Have you ever found yourself locked into a conversation which seems purely mundane or felt the need to escape a boring conversation?

For example, a friend giving you a blow-by-blow account of a movie they’ve just seen? Or a partner reporting word for word what they did during the day? Or a pedantic neighbor telling you exactly how you should live your life?

These are all boring conversations that grind along at a pedestrian level. They are simple streams of facts broadcast monotonously where the intention is to inform rather than to delight. They are sharing knowledge and information, but they are not inducing wisdom. In short, they aren’t particularly clever or stimulating conversations.

However, the key thing to remember is that regardless of how someone interacts with us, we can always choose our response. We can decide to pretend to be a wall, and play deaf, or we can act to get most out of the conversation. But it would be rude to give a cold shoulder to a person genuinely trying to share with us. To avoid a scenario where we are branded insolent, here are two tips to enliven a conversation which would have been an otherwise boring interaction.

  • We can choose to respond by asking a second question, and we can look to extract genuine nuggets of wisdom from the truckloads of earthy facts offered.

By asking clever questions, we can encourage others to think a little more expansively about the way they see life. When people talk excessively about an event in a factual way, they are not bringing the story to a conclusion. The reasons for the stream of factual details are not clear. Somehow, we need to encourage the storyteller to jump to the essential message.

  • A classic way of drawing out meaning from the monologue is to interrupt politely by asking, ‘… and what is the moral of the story?’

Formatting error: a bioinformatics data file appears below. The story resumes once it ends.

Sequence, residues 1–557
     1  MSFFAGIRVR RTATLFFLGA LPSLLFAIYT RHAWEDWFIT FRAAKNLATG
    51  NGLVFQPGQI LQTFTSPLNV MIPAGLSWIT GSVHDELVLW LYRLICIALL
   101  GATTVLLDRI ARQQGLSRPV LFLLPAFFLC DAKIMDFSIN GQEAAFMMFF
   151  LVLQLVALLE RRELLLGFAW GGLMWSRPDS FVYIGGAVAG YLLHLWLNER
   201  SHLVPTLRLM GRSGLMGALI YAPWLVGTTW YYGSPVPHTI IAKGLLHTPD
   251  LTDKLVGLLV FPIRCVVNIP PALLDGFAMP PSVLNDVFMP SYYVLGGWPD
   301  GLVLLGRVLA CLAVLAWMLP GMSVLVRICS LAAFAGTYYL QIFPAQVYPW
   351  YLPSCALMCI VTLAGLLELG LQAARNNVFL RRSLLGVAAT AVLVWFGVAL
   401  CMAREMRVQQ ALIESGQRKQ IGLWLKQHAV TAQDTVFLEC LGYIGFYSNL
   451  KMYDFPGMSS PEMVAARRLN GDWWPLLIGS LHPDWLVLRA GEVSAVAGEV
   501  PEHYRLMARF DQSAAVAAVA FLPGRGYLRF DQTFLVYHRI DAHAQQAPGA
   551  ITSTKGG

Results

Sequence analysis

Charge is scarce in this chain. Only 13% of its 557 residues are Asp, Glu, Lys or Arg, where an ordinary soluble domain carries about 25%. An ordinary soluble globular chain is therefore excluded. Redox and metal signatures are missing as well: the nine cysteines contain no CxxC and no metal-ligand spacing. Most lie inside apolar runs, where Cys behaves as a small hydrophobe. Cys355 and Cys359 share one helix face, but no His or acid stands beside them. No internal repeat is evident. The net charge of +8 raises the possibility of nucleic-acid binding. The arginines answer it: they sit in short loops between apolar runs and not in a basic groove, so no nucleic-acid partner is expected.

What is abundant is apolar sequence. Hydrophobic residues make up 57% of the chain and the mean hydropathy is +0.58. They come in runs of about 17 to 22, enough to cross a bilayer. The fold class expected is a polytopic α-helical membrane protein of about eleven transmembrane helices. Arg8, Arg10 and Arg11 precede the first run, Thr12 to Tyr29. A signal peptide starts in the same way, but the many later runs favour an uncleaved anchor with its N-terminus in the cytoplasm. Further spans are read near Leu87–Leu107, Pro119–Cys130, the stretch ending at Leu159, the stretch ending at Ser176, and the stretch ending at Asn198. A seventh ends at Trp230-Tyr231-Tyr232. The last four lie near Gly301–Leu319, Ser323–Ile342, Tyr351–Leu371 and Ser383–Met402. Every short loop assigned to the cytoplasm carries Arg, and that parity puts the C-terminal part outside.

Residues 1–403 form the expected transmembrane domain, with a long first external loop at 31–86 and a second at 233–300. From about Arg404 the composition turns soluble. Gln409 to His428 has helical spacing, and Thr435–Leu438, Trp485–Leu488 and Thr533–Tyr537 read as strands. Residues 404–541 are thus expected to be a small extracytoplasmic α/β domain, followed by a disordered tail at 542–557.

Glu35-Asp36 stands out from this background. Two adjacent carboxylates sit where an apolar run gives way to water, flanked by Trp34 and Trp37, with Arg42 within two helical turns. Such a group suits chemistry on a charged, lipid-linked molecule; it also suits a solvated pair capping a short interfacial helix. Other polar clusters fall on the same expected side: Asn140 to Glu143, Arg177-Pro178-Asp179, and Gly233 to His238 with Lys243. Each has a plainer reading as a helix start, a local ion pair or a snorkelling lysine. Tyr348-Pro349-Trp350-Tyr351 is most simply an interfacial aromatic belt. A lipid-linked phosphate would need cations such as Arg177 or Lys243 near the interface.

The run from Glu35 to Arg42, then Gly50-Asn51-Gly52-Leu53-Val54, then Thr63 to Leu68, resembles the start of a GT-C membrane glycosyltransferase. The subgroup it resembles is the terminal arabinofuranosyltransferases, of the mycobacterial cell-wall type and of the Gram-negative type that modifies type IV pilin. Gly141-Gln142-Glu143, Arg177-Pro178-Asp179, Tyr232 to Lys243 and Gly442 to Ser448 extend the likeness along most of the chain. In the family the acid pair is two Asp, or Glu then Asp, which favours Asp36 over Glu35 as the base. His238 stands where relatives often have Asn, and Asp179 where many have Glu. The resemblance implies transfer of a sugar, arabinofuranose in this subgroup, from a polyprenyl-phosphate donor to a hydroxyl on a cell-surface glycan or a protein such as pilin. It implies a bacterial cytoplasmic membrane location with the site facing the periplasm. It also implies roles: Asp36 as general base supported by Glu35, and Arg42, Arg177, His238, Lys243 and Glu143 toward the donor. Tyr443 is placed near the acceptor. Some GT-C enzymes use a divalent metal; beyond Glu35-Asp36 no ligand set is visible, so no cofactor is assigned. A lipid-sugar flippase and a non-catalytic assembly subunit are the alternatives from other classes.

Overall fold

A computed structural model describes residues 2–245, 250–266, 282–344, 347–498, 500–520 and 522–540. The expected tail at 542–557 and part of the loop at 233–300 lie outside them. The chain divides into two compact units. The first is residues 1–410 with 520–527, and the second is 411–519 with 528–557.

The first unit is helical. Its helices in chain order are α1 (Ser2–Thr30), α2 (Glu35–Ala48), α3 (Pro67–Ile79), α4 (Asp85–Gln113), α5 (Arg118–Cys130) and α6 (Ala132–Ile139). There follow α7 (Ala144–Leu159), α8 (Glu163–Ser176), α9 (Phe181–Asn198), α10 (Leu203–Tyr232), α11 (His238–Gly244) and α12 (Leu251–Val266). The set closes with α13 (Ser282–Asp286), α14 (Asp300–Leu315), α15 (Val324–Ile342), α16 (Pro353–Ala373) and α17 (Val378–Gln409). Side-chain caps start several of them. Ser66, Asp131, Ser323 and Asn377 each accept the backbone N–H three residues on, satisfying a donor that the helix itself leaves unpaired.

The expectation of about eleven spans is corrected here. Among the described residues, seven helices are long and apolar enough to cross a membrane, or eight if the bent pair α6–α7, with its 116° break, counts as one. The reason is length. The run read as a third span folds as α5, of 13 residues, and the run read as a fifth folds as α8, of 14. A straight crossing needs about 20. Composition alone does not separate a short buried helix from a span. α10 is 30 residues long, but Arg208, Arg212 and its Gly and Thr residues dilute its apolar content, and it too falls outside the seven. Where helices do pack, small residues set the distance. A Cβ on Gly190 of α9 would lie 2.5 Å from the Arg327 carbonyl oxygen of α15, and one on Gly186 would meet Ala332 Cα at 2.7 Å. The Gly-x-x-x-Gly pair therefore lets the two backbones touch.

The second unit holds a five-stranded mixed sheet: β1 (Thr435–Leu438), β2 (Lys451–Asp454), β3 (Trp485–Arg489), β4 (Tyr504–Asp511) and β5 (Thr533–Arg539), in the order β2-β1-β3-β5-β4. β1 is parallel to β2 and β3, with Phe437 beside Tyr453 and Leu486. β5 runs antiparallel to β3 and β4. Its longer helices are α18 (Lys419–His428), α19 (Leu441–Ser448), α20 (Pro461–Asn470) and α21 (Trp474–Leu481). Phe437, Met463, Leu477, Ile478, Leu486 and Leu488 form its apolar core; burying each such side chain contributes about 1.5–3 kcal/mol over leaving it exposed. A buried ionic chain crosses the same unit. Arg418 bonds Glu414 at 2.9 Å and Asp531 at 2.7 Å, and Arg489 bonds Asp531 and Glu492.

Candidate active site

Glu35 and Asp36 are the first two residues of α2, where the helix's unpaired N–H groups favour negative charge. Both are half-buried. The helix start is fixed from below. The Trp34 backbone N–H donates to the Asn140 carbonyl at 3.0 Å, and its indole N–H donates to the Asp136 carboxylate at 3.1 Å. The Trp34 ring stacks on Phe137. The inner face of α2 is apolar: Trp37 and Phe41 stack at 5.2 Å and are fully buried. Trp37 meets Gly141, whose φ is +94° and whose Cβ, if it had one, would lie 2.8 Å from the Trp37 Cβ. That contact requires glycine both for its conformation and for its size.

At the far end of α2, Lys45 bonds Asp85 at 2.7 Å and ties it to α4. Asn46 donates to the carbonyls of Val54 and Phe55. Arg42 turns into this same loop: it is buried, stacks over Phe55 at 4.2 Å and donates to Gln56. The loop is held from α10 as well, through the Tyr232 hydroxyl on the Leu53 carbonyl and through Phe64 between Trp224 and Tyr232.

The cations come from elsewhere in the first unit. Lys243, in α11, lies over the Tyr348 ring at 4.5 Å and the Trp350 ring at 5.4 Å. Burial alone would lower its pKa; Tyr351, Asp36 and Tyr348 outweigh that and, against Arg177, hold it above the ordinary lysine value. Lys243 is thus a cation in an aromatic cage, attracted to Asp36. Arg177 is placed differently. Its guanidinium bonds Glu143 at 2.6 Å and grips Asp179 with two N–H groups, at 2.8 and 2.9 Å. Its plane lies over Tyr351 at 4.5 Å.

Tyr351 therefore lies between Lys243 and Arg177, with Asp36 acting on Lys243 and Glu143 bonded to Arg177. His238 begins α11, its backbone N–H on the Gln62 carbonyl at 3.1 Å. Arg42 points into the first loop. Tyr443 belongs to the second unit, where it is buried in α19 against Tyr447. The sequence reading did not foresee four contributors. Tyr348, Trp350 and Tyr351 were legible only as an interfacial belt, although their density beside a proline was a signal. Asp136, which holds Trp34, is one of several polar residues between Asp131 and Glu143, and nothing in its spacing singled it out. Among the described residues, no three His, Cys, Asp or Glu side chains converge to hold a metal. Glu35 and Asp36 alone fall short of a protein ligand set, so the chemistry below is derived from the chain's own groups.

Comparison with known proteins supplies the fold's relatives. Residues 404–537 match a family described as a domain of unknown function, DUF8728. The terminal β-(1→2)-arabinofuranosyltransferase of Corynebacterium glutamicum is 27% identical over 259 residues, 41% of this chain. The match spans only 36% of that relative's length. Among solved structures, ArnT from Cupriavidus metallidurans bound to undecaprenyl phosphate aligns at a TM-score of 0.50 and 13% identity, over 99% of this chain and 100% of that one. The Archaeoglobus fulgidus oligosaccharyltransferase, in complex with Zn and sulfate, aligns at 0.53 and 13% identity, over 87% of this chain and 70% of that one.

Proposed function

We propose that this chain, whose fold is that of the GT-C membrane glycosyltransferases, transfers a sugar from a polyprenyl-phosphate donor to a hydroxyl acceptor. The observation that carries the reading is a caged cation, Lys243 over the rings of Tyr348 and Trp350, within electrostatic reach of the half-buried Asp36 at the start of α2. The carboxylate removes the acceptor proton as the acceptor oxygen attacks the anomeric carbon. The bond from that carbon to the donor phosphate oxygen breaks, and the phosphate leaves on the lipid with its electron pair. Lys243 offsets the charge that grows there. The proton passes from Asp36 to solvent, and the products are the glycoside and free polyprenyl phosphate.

Not only are you expressing interest and seeking clarification in the style of curiosity, but you are also requiring the answer to be pitched at a conceptual level. There will be a necessary pause while the bigger picture is considered before the key message is revealed.

We don’t need to become frustrated or irritable to bring a long-winded story to a close. An abrupt interjection isn’t necessary. Instead, we can recognize the situation that we are in and look within ourselves for a good question to lift up the conversation. We can extract the key points from the story and we can transform the stream of facts into a genuine opportunity for insight.

When people are talking at you they are usually trying to share an experience that has somehow touched them. By asking good questions you can help them to frame up the exchange so that you can also be touched and perhaps even inspired by the same events.

You can help them to find the essential message that they wish to share.

By Dr Chris Skellett, author of “The Power of the Second Question